C. Max Magee: I breezed through City of Refuge in 75-page chunks. The Hurricane Katrina backdrop is beyond compelling, and Piazza’s portrait of those hit by the storm is essential for anyone who cares about recent history. But A Mercy is masterful. It feels like it should be a 500-page, multi-threaded epic spanning generations. Nearly any other novelist would set out to write that big book, but Morrison’s legacy is already cemented. In fact, her combination of brevity and gravitas is the book’s coup. And the ending, oof, it’s a killer. Point: A Mercy

David Rees: Which book would I pass along to a friend? A Mercy is lean, poetic, and haunting. I assume it will be read forever. City of Refuge is no masterpiece. But I’m excited by what it portends: A contemporary American literature of rage and renewal. (If only it had ended with a flip-book showing the water flying back up and over the levees. That would’ve been AWESOME.) Point: City of Refuge

Maud Newton: While Tom Piazza’s City of Refuge is a gripping book, one that straddles the line between fiction and Hurricane Katrina reportage, my vote goes to A Mercy. Morrison’s latest novel may be the lesser little sister of Beloved and Song of Solomon, but it’s still her finest work in years. Point: A Mercy

Witold Riedel
: Language is at its best when it hints, translates, yet protects and tells. A German word for poetry, “Dichtung” hints at these abilities: the spirit of what can be born when the world is packed tightly into word after word after meaningful word. Thus A Mercy is my winner. It begs to be read again and again. It hurts, and yet how much more could it, were it not protected by beautiful, carefully assembled language? Point: A Mercy

Jonathan Eig: Piazza based one of his protagonists on my friend Michael Tisserand, the former editor of New Orleans’s Gambit Weekly. (After the hurricane, Tisserand wrote a lovely little book called Sugarcane Academy, which I heartily recommend.) Despite the heavy doses of reality in City of Refuge, I had no difficulty reading it as fiction. Yet while I liked it, I didn’t love it. I was moved, but never fully swept away. I thought another Katrina novel, The Tin Roof Blowdown by James Lee Burke, was better. So even though I picked A Mercy over The Dart League King by a slender margin in the opening round, I am pleased and proud to vote for Toni Morrison one more time. She’s written a beautiful, brutal, haunting book that people will be reading for hundreds of years. Point: A Mercy

Monica Ali: This was no contest for me as A Mercy left me strangely unmoved whereas City of Refuge gave me everything I want in a novel. It paints on a big canvas in the most vivid detail, it’s passionate and yet restrained, and it tells a story that needs to be heard. Point: City of Refuge

Anthony Doerr: I’m awfully glad I read City of Refuge. It reminded me of New Orleans’s suffering, rekindled my anger, and beautifully dramatized the dilemmas of folks who had to decide whether or not to return to a damaged city. But this is supposedly a literary smackdown, and A Mercy is my kind of book: slippery, difficult, dense, and beautifully composed. Which book is the greater achievement? In other words, which novel would I read twice? Point: A Mercy

Mary Roach
: Morrison wins, even though the last six pages of her book have, through some tragic editing decision or printing snafu, appeared as the first six pages, forcing you to begin the book in a state of deep confusion and irritation. By page 30, however, you are over it. You’re under her spell. Writing like this is beyond the grasp of mortal authors. Piazza is excellent but mortal. Point: A Mercy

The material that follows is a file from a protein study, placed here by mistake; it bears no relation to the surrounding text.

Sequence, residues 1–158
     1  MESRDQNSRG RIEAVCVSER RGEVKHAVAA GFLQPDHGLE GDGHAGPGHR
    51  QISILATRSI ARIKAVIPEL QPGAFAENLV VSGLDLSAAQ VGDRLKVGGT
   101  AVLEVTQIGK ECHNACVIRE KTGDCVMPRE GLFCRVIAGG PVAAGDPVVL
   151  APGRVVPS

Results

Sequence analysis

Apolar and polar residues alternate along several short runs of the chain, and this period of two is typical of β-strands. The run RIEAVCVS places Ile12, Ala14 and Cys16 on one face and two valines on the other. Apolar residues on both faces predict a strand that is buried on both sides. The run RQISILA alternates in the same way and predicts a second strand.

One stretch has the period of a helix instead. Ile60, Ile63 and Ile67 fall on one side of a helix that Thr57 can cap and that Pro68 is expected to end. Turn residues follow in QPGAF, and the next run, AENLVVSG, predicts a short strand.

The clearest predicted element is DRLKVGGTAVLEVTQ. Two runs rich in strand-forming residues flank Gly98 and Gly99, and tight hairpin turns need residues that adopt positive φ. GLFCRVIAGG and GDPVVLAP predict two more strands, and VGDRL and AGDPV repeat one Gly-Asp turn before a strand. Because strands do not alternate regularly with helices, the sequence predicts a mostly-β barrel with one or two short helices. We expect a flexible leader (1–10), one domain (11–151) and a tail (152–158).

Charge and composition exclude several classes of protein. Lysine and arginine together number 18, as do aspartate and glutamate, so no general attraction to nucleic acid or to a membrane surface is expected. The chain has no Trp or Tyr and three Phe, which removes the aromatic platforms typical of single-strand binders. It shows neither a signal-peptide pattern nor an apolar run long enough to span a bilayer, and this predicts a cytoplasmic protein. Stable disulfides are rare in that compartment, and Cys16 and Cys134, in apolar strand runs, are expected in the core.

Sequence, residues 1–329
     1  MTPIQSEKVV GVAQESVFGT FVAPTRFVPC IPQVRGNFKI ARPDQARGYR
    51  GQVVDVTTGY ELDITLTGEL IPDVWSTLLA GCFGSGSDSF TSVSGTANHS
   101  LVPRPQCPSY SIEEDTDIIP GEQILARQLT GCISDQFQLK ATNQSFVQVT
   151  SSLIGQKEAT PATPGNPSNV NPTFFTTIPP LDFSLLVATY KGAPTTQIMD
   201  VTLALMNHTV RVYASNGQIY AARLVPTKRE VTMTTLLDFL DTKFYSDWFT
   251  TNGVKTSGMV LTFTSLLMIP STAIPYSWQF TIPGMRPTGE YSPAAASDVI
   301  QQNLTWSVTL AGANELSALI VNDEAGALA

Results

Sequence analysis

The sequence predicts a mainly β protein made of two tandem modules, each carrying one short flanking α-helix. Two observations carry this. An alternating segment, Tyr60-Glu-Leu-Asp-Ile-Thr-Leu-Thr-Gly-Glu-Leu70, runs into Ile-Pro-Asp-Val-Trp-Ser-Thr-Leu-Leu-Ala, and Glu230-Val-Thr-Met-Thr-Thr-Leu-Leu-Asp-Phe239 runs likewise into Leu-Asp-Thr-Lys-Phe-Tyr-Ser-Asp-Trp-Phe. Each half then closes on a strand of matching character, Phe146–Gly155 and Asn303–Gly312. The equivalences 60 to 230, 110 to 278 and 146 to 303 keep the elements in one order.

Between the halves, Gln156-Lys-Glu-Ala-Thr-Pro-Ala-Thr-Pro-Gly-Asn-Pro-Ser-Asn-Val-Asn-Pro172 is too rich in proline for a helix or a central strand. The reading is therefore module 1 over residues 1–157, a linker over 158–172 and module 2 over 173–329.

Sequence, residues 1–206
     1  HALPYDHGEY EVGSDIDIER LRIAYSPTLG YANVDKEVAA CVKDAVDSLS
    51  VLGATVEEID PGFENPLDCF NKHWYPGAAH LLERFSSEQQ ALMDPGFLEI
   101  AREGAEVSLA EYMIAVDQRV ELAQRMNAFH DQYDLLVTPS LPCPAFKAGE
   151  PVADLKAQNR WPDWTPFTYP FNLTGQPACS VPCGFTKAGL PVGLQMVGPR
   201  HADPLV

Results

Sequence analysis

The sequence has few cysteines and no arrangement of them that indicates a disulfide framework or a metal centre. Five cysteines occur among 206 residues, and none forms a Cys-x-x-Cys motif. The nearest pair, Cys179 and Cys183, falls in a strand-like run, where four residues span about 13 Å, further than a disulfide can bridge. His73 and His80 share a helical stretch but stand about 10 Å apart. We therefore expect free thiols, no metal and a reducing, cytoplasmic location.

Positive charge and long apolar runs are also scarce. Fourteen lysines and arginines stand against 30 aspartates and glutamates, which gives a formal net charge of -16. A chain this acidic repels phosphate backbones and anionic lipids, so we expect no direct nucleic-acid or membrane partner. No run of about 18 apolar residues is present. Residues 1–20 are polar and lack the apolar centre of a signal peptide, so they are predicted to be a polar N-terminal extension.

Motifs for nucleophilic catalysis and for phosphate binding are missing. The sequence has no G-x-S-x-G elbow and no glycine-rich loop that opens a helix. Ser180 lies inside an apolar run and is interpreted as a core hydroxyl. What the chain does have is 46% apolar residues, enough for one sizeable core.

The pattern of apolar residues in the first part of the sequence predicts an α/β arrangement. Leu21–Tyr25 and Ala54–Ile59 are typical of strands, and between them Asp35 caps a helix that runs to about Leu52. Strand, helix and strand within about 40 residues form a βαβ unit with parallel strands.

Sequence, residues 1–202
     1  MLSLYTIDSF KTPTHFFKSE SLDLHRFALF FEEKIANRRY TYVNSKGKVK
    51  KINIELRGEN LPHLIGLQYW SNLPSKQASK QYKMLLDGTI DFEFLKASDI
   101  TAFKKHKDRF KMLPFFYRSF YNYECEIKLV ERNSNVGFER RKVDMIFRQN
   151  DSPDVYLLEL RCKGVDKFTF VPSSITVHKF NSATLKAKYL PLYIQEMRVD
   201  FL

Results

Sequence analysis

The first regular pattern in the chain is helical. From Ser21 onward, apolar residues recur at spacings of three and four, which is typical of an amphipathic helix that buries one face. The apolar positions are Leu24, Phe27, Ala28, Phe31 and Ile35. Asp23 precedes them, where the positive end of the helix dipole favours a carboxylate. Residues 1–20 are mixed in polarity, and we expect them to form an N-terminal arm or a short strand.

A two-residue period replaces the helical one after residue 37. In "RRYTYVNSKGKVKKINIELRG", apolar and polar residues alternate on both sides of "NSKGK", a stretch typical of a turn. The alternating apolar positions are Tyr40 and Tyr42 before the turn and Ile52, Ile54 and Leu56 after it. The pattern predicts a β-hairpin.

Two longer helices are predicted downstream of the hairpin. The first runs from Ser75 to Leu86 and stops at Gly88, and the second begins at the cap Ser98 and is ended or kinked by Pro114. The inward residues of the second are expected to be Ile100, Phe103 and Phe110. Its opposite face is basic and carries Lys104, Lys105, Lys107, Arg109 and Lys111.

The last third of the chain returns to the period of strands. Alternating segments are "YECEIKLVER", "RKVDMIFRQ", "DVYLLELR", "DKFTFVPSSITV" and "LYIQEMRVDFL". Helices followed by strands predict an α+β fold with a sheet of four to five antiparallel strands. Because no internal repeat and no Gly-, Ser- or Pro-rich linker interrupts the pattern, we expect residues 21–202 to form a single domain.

Jonah Lehrer: There is an immense multiplicative power in reading these two novels back-to-back. Taken together, they frame a sad arc for America, from the 17th-century slave trade to Katrina. While both fictions are powerful demonstrations of why we need fiction—to hear the individual inside the roar of history—it was the voice of Florens, the young plantation girl in A Mercy, that I couldn’t shake. Her visceral metaphors, so childish yet wise, are still following me around. Point: A Mercy

Kate Schlegel: I was given A Mercy as a Christmas gift and read it in a day and a half, so when I found it was facing off against City of Refuge, in my mind the newcomer was at a disadvantage. But Piazza’s book is just the kind I love: the true(ish) tale of people facing adversity and using their own resources to triumph. Gripping, disturbing, terrifying—I loved every moment of it. Point: City of Refuge

Brockman: Frankly, I’m baffled by all the ToB love shown to City of Refuge. Yes, the book gets interesting when Hurricane Katrina hits, but countless documentaries and nonfiction books have given us real stories that were far more compelling. Piazza’s bland characters are riddled with clichés and cultural stereotypes, and his “authentic” African-American dialogue veers uncomfortably close to Ebonics. I wish Richard Price had written it instead. Meanwhile, A Mercy is a stirring and haunting novel whose depth belies its brevity. Point: A Mercy

FINAL: City of Refuge (6), A Mercy (11)

Today’s WINNER

A Mercy by Toni Morrison

About the Judge

Amanda Hesser has been a food columnist and editor at the New York Times for more than a decade. She has written two award-winning books, The Cook and the Gardener and Cooking for Mr. Latte, and edited the recently published collection of food essays, Eat, Memory. Her next book will be a compilation of recipes from the New York Times going back to the 1850s. Hesser is also a founder of She lives in Brooklyn with her husband, Tad Friend, and their two children. Known connections to this year’s contenders: I know Peter Matthiessen.

From the Booth

It’s a little like complaining that the solution to today’s Sudoku doesn’t require calculus. Kevin John If the ToB does nothing else, it demonstrates the passion out there for books. Now we just need to spread the word, people.